Unschooling after Death
I had a few articles started for this. With Halloween just leaving, I was writing about unlimited candy! Then I had found some cool science experiments you can do with candy, so I was going to mention those. Cool stuff you can do with candy beside’s eat it? Awesome!
That will all have to wait though, because I’m feeling quite serious today. I opened my facebook yesterday and learned that an Unschooling dad had passed away. It would appear that he was posting about not feeling good and having a fever for a few days, but I read this morning that he also may have had a heart condition. He will truly be missed by many, reading the comments on his wall I am blown away by the size of his family.
I’ve seen this happen a few times now since we’ve started unschooling, this was the first unexpected death I have experienced. It can happen. So often, Unschooling relies on one income that if one parent were to suddenly pass on, it could potentially devastate the family. Not only because their parent is now gone, because the other parent suddenly needing to work and financially support the family. It’s a discussion that comes up in our household and we are working toward taking steps to be prepared. Death doesn’t always come with a warning.
It doesn’t matter if you are a traditional homeschooler or an Unschooler. The unique situation of being able to stay home with your children is something that doesn’t need to change if a parent dies. Here are some ideas:
- Life Insurance for the breadwinner: What will you do if the breadwinner of your family suddenly dies? Where will you get the money to be able to stay home with your children? I don’t care how you feel about insurance companies. A life insurance policy is a good idea for most families. There are many different plans, for many different situations. Call someone about it today. If you happen to be a healthy person and under 30 you can often lock in a low rate for the rest of your life.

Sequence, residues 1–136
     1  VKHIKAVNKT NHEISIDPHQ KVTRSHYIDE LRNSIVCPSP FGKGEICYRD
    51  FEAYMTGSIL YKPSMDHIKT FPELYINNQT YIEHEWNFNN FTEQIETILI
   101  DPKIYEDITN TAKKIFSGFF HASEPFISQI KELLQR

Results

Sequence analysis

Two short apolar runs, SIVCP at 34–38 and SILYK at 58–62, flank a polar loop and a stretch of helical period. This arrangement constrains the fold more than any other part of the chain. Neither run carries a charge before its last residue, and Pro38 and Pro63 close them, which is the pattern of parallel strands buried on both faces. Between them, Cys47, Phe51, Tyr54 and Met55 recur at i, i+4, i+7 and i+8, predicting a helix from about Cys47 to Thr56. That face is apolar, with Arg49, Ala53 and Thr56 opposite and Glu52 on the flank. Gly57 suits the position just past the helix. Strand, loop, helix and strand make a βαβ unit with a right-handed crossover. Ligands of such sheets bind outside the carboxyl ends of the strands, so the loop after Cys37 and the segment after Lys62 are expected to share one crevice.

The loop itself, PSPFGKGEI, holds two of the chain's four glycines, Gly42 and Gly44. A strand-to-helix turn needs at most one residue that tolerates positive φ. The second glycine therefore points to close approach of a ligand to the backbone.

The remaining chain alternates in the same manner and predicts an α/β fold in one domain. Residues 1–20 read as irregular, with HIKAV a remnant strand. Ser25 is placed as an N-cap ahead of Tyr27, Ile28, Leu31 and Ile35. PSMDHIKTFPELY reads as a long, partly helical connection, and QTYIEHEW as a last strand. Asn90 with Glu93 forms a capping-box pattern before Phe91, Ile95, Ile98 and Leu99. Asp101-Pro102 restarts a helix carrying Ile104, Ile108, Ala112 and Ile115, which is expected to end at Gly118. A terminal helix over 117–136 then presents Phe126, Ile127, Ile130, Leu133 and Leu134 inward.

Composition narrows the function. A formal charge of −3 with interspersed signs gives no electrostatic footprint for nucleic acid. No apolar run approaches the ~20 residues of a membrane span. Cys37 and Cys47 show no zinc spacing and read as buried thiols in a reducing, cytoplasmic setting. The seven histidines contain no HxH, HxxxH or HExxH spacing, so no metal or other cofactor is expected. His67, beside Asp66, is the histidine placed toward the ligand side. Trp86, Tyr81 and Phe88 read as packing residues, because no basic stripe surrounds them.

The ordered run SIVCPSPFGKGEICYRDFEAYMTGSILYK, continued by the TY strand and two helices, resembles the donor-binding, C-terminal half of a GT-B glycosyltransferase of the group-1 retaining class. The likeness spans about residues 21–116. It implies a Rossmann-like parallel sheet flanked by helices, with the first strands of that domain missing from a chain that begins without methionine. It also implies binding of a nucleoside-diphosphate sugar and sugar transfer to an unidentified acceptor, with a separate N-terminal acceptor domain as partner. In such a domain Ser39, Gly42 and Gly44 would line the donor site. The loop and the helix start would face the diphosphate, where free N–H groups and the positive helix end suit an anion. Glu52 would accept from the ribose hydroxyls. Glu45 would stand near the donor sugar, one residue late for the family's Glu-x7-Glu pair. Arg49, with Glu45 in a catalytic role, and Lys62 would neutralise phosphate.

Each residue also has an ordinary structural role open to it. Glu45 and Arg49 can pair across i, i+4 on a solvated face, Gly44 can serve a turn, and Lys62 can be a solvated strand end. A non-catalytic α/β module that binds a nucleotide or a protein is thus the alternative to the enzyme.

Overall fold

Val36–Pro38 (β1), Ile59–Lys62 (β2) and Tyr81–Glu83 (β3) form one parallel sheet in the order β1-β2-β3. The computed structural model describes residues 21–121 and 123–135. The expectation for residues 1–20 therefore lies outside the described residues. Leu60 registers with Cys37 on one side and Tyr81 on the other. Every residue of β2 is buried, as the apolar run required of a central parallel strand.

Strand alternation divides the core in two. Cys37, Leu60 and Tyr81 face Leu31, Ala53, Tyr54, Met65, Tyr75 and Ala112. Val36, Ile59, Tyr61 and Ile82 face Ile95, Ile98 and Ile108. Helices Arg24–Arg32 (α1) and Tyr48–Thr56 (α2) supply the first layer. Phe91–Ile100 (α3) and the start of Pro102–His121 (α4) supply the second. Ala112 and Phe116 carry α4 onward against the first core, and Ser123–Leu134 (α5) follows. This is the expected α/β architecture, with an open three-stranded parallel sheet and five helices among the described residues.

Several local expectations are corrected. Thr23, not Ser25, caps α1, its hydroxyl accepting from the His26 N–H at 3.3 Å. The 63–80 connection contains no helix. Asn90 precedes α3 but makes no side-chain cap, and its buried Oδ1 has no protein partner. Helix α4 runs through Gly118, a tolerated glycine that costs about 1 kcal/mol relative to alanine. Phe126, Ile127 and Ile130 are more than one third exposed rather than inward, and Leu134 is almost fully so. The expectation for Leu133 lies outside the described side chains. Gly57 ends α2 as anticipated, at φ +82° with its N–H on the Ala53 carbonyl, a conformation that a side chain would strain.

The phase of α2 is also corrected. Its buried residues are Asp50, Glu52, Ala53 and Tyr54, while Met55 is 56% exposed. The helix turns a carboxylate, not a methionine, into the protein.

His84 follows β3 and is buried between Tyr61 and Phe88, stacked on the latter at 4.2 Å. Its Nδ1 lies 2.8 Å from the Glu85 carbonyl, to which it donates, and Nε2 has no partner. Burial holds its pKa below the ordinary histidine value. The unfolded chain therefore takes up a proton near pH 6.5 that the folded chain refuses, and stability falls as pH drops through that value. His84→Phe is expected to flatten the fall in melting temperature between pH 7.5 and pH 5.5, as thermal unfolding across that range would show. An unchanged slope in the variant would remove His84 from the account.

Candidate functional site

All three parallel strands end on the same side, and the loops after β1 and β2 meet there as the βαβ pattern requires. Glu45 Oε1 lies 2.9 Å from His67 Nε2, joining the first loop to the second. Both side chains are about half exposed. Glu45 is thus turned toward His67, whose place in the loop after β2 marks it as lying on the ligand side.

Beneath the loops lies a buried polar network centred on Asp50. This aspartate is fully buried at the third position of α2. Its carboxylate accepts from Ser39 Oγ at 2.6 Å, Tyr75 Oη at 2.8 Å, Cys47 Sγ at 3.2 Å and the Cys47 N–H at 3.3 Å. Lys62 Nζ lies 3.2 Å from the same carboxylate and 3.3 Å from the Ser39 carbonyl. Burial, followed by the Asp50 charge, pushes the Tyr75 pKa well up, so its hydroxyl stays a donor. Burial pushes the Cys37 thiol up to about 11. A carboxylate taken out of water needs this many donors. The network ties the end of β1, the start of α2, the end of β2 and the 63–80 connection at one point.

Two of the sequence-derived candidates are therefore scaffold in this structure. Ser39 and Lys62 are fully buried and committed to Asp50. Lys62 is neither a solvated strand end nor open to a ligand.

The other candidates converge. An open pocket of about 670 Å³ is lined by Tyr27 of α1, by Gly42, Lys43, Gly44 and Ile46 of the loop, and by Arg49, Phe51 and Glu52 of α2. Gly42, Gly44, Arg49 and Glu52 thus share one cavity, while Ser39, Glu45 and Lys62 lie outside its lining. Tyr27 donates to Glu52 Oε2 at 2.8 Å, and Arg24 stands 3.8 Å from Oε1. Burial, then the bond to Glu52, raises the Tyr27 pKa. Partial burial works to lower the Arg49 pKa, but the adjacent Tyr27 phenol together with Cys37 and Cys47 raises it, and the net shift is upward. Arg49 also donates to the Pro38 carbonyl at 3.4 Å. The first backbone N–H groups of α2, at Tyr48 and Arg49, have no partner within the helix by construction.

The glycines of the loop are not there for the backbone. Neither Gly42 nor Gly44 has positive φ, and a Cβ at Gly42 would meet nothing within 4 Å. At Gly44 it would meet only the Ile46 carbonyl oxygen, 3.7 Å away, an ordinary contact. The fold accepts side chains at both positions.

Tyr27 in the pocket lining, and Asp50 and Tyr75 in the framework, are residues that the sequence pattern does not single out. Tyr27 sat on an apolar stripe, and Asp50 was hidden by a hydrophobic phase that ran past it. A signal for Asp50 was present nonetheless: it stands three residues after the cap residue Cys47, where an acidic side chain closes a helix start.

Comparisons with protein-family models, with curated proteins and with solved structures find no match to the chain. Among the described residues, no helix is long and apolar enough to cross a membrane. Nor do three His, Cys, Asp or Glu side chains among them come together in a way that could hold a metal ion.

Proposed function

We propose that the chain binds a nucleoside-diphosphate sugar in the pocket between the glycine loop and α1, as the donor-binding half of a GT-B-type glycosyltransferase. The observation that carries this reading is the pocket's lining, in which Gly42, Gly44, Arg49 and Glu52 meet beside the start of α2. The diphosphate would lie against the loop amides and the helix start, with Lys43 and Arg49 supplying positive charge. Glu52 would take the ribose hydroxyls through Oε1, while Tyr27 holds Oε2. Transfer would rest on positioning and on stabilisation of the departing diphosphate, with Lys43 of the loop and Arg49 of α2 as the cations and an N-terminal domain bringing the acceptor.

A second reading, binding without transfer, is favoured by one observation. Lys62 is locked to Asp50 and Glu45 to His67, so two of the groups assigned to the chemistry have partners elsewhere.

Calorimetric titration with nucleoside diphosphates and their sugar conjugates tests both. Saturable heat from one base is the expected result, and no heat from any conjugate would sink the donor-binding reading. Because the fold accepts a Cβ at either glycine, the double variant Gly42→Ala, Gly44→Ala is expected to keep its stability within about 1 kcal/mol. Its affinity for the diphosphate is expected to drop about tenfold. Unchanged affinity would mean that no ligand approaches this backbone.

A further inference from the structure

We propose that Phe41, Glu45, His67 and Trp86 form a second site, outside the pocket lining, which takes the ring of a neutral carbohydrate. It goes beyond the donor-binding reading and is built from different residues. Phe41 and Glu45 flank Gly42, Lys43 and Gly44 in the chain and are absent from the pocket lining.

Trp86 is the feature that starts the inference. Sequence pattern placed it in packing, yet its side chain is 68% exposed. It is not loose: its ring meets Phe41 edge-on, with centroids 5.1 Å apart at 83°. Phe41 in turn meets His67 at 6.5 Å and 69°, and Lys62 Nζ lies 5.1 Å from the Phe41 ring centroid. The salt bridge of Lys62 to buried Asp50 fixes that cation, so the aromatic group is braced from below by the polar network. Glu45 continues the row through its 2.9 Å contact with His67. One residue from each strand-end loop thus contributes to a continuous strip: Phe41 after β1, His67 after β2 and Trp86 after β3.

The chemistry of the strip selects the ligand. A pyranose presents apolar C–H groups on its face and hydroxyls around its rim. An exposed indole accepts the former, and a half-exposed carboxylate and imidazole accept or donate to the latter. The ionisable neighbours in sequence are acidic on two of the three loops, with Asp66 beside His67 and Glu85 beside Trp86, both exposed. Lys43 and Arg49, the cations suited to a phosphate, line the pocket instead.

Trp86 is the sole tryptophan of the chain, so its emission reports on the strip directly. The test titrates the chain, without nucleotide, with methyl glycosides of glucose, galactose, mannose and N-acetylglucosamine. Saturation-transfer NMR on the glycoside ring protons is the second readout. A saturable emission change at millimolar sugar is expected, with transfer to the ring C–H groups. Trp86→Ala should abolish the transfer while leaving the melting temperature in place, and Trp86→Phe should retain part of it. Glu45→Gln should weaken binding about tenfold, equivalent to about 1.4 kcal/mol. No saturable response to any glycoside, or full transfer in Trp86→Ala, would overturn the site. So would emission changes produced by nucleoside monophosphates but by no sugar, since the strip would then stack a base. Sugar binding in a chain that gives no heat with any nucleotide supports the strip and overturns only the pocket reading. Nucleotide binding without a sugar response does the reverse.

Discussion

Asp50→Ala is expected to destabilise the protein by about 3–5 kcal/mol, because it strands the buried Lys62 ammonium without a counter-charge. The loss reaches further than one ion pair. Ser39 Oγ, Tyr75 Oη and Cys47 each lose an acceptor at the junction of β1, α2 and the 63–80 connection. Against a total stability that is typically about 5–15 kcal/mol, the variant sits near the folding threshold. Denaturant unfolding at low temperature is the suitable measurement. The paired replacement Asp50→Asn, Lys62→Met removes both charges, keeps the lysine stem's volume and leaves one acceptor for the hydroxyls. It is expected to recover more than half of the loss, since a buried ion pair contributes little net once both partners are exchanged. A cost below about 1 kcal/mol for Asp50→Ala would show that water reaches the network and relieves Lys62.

- Life Insurance for the caretaker: On the other hand what will you do if the person who stays home with your children suddenly dies? How will you work *and* take care of them. A life insurance policy here as well could be a good idea for your family.
- Will: It is incredibly important to make sure that your wishes are properly documented in the event that you or your partner die. If it is not done correctly, there *is* a possibly that a court will not accept it. However, if both parents die, and the children are young and/or uninformed there is no one to fight for what you or they want if you don’t have a proper will.
- What if both parents suddenly die?
- Then what?
- Where will the children go?
I haven’t seen this situation happen to anyone I know, but that doesn’t mean it can’t or won’t. As unschoolers, I think it’s important to consider our children’s futures in the event they find themselves without parents. Unschoolers live a drastically different lifestyle than most families, and who they will live with if you are gone is an incredibly important decision. Please have this outlined in your will.
For us, we don’t want their lifestyle changed any more than it has to be if we aren’t here. We would always want them to be able to live in the freedom that they have now. Unschooling, with or without the label is the single most important thing to our family. If there is no other person, family member or friend that could raise your children the way you would want, then I think Unschooling families should started naming each other in their wills. Yes, I’m serious and there are families willing to be there for your children.
- If you have any other thoughts or ideas then please post them below.
- If you can help Unschooling families learn about life insurance please post below with contact info.
- If you can help Unschooling families draft a will or find someone who can, please leave your contact info.
- If I see any information on how to help the family of Ely Rodriguez, then I will get it posted here.
Until then, please communicate with your family. Death is no fun to talk about, but it’s no less important than any other subject. Your kids have so much say in their lives, that could all change in an instant.